prognosis of ALL

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The following factors are associated with prognosis in ALL patients:

  • age at diagnosis is considered to be a strong prognostic factor. According to a study carried out at children’s Research Hospital with 847 children with ALL:
    • children between the age 1 to 9 had a better outcome than infants or adolescents. The 5 year event free survival estimates were (1)
      • for children aged 1-9 - 88%
      • adolescents aged 10–15 years - 73%
      • older than 15 years - 69%
      • babies younger than 12 months - 44%
    • prognosis was poor especially for babies younger than 6 months

    • age-specific mortality rates rise steadily from birth and more steeply from around age 45-49. The highest rates are in the 85 to 89 age group for males and the 90+ age group for females (2)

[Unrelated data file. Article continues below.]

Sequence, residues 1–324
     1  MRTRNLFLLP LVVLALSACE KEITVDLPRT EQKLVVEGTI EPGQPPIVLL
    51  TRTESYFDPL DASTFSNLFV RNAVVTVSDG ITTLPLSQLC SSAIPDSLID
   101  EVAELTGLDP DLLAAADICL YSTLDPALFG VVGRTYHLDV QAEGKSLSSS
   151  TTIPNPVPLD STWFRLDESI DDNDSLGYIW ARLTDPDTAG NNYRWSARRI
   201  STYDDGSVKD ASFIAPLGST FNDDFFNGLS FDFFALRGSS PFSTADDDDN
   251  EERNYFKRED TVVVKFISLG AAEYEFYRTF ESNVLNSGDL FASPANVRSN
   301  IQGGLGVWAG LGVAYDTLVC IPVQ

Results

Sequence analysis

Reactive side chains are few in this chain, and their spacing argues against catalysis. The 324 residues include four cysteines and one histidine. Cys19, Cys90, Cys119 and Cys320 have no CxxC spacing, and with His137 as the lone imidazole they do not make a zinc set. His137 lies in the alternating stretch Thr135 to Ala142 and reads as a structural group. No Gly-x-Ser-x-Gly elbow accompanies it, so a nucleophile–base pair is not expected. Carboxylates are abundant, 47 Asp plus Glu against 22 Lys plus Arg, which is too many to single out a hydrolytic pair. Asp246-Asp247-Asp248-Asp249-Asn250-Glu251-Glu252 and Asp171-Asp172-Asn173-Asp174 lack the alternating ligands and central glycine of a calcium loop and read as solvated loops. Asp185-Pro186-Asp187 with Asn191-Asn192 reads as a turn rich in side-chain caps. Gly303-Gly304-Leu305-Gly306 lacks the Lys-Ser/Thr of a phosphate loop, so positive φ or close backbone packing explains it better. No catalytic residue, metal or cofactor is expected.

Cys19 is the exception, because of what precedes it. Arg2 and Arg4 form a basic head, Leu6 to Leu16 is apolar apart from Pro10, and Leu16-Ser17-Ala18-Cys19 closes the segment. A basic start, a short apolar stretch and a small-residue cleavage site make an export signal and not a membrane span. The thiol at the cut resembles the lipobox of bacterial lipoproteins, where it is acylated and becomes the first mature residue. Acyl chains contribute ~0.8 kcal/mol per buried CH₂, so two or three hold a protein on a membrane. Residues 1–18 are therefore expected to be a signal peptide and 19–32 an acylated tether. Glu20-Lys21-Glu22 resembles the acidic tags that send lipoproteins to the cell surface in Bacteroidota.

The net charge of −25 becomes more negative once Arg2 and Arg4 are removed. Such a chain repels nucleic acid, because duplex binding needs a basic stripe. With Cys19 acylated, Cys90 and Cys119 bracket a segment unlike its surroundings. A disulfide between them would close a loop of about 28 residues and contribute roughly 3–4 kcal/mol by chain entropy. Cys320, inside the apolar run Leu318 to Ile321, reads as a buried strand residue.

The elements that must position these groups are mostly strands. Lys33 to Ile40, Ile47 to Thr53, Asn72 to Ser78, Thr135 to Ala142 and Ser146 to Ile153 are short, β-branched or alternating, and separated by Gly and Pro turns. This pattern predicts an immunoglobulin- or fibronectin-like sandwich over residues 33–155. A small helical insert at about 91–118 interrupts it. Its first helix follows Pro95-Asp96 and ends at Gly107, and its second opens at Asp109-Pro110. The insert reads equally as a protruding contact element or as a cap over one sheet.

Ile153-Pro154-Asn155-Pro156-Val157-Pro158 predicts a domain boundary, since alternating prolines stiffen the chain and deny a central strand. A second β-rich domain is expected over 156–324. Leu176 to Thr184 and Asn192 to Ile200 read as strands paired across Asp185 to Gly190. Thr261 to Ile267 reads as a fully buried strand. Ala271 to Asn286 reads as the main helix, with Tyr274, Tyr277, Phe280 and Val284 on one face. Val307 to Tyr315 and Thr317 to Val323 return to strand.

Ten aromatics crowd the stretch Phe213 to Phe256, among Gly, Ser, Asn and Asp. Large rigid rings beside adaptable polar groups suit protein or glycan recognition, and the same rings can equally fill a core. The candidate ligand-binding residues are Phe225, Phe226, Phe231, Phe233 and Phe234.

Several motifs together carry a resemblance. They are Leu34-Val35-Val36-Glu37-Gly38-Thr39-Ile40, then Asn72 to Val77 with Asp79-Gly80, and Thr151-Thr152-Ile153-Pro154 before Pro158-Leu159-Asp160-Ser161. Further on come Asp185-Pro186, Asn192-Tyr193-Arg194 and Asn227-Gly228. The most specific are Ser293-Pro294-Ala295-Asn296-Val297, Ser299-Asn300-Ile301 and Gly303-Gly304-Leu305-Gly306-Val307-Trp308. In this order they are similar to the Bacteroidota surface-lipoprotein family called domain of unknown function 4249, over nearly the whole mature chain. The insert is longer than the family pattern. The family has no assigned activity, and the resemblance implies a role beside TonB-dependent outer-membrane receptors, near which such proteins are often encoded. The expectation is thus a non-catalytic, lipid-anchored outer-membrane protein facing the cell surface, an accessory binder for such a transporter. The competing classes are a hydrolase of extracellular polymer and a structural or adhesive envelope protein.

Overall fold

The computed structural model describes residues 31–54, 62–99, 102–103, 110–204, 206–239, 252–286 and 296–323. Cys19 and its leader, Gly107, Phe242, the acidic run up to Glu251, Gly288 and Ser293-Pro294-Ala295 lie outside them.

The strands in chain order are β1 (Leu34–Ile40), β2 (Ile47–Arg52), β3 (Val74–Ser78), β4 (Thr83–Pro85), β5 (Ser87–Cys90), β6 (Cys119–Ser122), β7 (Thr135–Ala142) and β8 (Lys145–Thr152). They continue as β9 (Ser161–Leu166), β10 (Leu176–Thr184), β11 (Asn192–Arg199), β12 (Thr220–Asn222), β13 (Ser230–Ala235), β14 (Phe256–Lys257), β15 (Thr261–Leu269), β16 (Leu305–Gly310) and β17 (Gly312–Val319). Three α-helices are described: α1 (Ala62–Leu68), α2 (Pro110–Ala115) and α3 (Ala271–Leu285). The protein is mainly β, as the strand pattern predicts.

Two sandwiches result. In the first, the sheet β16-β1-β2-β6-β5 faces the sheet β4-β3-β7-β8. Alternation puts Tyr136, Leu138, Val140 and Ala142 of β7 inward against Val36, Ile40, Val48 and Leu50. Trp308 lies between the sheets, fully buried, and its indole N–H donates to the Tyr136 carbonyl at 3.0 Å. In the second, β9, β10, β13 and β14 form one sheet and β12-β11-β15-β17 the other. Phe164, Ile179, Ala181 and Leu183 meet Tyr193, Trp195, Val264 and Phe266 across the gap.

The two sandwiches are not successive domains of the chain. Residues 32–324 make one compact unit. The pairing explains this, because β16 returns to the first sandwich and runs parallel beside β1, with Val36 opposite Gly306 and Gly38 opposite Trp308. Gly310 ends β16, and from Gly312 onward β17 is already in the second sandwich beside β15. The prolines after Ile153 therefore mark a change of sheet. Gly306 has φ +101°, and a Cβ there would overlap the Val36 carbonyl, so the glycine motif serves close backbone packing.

• increased leukocyte count presents with poor prognostic outcome.
    • this is especially true in patients with B-cell precursor disease
    • in T cell ALL, a count of more than 100x109/L is associated with an increased risk of relapse in the CNS
    • high risk of early complications are seen in patients with extreme hyperleucocytosis (>400x109/L) e.g - CNS haemorrhage and pulmonary and neurological events due to leucostasis (1)
  • chromosomal   abnormality
    • poorer outcome is also associated with Philadelphia chromosome, t(4;11) with MLL-AF4 fusion, and hypodiploidy (<44 chromosomes per leukaemic cell)
    • favourable prognosis was seen in patients with hyperdiploidy (>50 chromosomes), TEL-AML1fusion, and trisomy 4, 10, and 17

Children respond well to treatment:

  • 95% achieve complete remission
  • 50-60% of whom are cured with postremission chemotherapy

Fewer advances have been achieved in adults:

  • 80% achieve complete remission
  • about 35% achieve long-term disease-free survival

The poorer response seen in adults may reflect undertreatment because of the increased risk of drug toxicity.

Reference:

Last edited 05/2019 and last reviewed 05/2019

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